SACRAMENTO -- Bolstered by higher revenue estimates from the legislative analyst, the Senate budget committee on Friday advanced a spending plan that differs from Gov.
Democratic senators, sometimes with Republican support, agreed to restore funding for dental care for poor adults, increase spending on mental health programs and improve career education in high schools.
The decisions closely mirror priorities set by Senate leader
"We're concerned about rising spending," said Michael Cohen, a deputy at Brown's Department of Finance. The governor's revenue forecast has $3.2 billion less tax money than the estimate released by the nonpartisan legislative analyst.
Senate Democrats also continued to push their own school funding formula, which would send more money to more schools than the governor proposed.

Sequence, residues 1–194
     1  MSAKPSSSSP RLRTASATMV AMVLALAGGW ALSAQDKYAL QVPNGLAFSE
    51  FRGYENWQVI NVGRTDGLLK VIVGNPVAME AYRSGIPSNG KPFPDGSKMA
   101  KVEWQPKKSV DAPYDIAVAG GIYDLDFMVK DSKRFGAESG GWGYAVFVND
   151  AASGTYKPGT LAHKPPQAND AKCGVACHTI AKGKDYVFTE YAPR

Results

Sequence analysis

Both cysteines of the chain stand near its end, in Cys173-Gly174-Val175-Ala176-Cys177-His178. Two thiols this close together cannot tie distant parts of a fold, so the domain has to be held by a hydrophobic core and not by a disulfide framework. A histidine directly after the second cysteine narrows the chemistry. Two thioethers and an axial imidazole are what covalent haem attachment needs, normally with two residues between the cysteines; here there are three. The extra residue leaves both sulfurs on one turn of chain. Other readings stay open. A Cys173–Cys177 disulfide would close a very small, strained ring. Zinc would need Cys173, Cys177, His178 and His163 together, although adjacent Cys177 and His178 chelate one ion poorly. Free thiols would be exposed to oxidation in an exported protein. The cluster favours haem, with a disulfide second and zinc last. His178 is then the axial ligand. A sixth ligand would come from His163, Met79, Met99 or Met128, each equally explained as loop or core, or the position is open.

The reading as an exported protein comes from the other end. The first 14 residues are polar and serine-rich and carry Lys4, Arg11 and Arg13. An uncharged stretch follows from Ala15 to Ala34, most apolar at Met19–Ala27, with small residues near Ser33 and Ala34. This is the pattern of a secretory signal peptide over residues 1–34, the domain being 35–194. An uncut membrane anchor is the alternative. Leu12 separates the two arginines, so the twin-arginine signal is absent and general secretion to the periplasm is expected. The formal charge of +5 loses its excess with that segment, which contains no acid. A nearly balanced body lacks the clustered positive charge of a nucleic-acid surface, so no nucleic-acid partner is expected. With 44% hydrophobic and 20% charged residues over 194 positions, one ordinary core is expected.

On Tuesday, the Assembly budget committee will review its own budget plan, which also uses the higher tax estimate from the legislative analyst but spends the money differently.
An outline circulated on Friday shows increases in spending for child care and welfare, as well as cuts to college costs for students from middle-class families, a priority for Assembly Speaker John A. Pérez (D-Los Angeles).
The plan includes a fallback if the higher revenue, which rely on continued improvements in the stock market, don't materialize. In that case, the state would return less money it owes to school districts.